The most common cause for decreased strength and range of motion through the hip is too  much sitting.   We were not meant to spend our days sitting.  A sedentary lifestyle will lead to muscle atrophy, shortening of your ligaments and tendons, and a decline in balance.  In response to the immobility of the hip joint, the low back and knees will begin to be stressed.  This typically causes people to move even more infrequently, which leads to low back and knee problems.  Low back and knee pain are the two most common complaints we hear with new clients.  Your trainer can help you improve your strength, balance, and proper function of this very important joint.   In the mean time, here are some tips to help keep your body functioning properly:

  1. Move!  If you have a desk job, get up each hour to stretch your legs.
  2. Take the stairs.  The Gluteus Maximus is the strongest, largest muscle in your body.   You need to keep this muscle strong in order to support your lumbar spine and stabilize your knees.
  3. Stretch the muscles of the hip in all directions.   Don’t just stretch the hamstrings and glutes.   The muscles responsible for adduction and abduction as well as internal & external rotation need to be stretched too.
  4. Incorporate functional exercises into your workout.   Functional exercises work the smaller stabilizing and balancing muscles.
  5. The following exercises will strengthen the muscles of the hip:  Squats, dead lifts, kettlebell swings, lunges, side steps, box jumps, and bridges.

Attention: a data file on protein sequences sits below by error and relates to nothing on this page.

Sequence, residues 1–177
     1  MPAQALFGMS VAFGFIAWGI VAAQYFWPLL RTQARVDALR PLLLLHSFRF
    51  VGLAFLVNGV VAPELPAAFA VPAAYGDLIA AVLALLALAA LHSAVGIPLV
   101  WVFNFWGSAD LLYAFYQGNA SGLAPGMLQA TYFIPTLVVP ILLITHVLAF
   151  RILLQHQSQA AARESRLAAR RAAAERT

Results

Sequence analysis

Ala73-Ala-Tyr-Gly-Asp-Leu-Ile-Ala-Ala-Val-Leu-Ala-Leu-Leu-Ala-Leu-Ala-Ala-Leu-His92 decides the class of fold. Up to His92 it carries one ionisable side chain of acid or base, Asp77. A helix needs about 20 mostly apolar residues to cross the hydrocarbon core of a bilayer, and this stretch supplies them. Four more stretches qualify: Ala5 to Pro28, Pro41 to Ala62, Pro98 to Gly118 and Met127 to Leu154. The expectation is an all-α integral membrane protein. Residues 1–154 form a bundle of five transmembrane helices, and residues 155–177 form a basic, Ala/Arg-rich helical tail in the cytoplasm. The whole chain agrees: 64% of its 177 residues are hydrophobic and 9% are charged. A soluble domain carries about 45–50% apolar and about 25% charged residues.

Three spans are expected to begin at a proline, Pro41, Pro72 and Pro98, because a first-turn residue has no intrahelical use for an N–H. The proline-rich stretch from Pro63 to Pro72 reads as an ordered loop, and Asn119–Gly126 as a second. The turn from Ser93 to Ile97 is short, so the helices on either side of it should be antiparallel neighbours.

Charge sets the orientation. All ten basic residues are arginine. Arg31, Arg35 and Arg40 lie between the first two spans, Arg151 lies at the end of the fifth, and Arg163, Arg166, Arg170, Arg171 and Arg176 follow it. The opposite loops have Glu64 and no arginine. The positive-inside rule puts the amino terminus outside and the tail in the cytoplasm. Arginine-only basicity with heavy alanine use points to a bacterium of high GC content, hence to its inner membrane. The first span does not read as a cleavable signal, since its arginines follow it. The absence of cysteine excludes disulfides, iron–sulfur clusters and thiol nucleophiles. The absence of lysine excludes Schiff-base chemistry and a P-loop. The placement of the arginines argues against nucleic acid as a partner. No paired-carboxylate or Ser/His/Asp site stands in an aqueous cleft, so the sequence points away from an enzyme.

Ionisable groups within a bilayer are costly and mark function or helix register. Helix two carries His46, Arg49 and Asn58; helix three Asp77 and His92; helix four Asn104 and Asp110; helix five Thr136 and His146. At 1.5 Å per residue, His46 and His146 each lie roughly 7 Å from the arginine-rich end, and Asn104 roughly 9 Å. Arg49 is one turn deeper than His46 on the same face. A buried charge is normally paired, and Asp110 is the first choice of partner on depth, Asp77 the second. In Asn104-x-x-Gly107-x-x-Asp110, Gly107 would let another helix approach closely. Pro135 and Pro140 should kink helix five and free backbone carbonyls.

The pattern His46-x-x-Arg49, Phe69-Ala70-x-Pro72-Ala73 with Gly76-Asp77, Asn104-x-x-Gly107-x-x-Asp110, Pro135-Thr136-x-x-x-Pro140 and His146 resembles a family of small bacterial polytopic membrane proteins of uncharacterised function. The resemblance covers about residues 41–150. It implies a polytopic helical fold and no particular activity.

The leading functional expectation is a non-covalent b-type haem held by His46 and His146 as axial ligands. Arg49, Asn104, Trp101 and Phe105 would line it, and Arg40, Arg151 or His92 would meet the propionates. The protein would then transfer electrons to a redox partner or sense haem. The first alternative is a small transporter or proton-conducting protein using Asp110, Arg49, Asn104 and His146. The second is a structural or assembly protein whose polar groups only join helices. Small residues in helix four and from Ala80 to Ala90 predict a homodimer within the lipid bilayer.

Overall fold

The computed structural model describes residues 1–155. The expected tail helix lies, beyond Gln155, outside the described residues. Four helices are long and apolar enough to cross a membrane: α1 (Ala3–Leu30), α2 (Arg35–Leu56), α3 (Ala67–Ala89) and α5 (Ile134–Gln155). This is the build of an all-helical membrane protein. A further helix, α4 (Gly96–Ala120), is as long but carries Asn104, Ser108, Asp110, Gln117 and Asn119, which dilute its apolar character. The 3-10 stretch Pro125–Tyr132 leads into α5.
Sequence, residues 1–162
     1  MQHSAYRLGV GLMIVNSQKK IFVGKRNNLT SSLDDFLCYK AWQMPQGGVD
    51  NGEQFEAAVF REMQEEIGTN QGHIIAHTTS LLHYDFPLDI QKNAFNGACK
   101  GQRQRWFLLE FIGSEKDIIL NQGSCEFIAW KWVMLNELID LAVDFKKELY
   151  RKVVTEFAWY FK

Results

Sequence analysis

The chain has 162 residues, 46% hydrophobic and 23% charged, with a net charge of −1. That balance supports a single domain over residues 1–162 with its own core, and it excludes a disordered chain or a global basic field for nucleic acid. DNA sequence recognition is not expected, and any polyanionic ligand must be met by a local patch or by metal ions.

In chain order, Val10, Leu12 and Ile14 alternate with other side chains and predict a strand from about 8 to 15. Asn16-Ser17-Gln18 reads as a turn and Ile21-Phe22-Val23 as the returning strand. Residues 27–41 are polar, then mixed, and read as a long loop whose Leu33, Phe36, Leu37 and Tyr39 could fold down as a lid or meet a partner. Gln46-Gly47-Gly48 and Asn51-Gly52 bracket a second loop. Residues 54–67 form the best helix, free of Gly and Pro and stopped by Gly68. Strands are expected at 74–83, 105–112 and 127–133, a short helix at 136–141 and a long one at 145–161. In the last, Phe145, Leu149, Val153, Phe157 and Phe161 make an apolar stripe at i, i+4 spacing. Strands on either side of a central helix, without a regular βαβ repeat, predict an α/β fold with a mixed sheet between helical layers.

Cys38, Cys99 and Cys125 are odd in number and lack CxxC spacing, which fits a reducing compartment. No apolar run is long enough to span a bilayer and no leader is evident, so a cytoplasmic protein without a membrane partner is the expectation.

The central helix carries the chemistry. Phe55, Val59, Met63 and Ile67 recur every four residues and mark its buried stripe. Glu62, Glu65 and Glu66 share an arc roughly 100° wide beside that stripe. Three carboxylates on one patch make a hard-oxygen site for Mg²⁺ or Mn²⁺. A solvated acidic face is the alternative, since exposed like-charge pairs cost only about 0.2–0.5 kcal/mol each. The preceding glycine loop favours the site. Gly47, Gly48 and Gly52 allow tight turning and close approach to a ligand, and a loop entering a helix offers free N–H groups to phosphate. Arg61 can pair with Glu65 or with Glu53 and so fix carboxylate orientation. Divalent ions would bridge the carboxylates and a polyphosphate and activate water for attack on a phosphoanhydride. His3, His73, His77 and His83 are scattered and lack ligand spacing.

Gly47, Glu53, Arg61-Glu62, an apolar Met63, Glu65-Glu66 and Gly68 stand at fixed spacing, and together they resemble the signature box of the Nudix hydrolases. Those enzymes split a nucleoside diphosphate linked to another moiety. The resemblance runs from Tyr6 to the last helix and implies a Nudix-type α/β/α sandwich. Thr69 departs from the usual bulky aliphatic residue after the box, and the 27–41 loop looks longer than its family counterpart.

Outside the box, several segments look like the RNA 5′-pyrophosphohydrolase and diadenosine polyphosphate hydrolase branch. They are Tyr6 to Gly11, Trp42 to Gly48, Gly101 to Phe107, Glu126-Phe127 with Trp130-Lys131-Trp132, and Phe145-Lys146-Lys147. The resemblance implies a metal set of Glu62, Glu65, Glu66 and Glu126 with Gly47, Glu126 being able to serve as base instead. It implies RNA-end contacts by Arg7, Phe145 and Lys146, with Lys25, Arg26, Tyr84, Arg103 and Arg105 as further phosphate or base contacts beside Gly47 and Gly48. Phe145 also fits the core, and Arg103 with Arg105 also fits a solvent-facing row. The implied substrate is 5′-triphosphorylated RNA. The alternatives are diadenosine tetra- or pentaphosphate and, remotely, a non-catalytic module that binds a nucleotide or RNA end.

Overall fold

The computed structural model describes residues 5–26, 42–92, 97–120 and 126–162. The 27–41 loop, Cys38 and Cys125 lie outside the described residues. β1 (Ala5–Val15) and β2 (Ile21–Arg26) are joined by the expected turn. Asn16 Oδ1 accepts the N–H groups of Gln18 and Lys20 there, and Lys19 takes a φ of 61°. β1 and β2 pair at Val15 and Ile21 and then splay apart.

Keep your abdominals pull in and knees positioned over toes as you lower body.  You will naturally lean forward, but keep your chest lifted.

Keep your abdominals pull in and knees positioned over toes as you lower body. You will naturally lean forward, but keep your chest lifted.

No time for a workout?

You’ve made a commitment to workout 4 times per week, but you’re running late and can’t possibly get the gym now! Well you could do it when you get out of work tonight… although you know you’ll be pretty tired by then and have to cook dinner, take care of the kids… etc. Or maybe you’re on vacation and don’t have access to a gym. Whatever the reason, there really is no excuse for skipping your workout.

Try this at home circuit that requires no weights or machines. Just your body weight. Complete the whole circuit 4 or 5 times in a row without rest. You’ll get a great cardio workout and some muscle endurance benefits as well.

Perform 1 minute of each the following:

  1. Jump rope (or simulated jump rope)
  2. Walking Lunges (alternate lunges if space is limited)
  3. Push Ups (for more of a challange to spiderman pushups)
  4. Jump Squats Mountain climber
  5. Jog in place with high knees

Rest 30 – 45 seconds between circuits and be sure to cool down with a little streching. This routine is not a replacement for your regular resistance and cardio workouts, but in a pinch will help to keep you on track.